Ignaz Semmelweis Taught Us Hand Washing for COVID-19

Hand washing is one of the most effective preventive measures against COVID-19 – the disease ravaging the world now. Google Doodles is recognising Ignaz Semmelweis – the Hungarian physician who discovered the medical benefits of handwashing.

Google Doodles celebrates Ignaz Semmelweis and handwashing. Click to watch the video.
Google Doodles celebrates Ignaz Semmelweis and handwashing. Click to watch the video.

Dr Ignaz Semmelweis was appointed Chief Resident in the maternity clinic of the Vienna General Hospital 173 years ago in 1847, where he deduced and demonstrated that requiring doctors to disinfect their hands vastly reduced the transmission of disease.

Print out this poster on proper handwashing techniques.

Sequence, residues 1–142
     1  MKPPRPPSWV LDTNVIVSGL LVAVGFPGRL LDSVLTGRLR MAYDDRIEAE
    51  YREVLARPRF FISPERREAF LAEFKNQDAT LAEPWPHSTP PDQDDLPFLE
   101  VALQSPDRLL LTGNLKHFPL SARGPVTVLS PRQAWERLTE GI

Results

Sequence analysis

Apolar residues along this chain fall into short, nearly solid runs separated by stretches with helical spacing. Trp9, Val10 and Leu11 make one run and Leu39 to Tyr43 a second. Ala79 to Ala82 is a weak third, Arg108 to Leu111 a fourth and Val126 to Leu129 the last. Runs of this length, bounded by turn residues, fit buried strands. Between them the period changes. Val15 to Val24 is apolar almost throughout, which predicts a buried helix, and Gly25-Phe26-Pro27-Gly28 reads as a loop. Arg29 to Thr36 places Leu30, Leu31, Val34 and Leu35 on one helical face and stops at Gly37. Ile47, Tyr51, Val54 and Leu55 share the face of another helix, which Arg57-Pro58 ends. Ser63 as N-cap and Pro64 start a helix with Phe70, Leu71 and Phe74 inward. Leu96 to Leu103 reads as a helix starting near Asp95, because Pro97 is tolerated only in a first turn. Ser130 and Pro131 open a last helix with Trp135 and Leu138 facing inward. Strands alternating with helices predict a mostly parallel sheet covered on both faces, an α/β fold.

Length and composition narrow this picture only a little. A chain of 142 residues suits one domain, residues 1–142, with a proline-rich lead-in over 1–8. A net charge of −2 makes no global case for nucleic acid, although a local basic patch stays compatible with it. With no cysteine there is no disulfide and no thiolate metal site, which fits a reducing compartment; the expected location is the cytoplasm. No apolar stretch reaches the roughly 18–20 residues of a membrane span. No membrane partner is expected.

Print out this poster on proper handwashing techniques.

Semmelweis had noticed that a mysterious and poorly understood infection known as “childbed fever” was leading to high mortality rates in new mothers in maternity wards across Europe in the mid-19th century.

Semmelweis deduced that the doctors were transmitting infectious material from prior operations and autopsies to susceptible mothers through their hands.

He required doctors to wash their hands with chlorinated lime water before examining pregnant women.

As a result, the documented mortality rate plunged from 18% to 2.2% over a period of a year.

Despite what he proved, many of Semmelweis’ peers were skeptical about his ideas.

It was decades later that his hygienic recommendations were validated by the widespread acceptance of the “germ theory of disease”.

Today, Semmelweis is widely recognised as “the father of infection control,” credited with revolutionising not just obstetrics, but the medical field itself.

So the next time you wash your hands as a precaution against the spread of infectious diseases like COVID-19, remember Ignaz Semmelweis.

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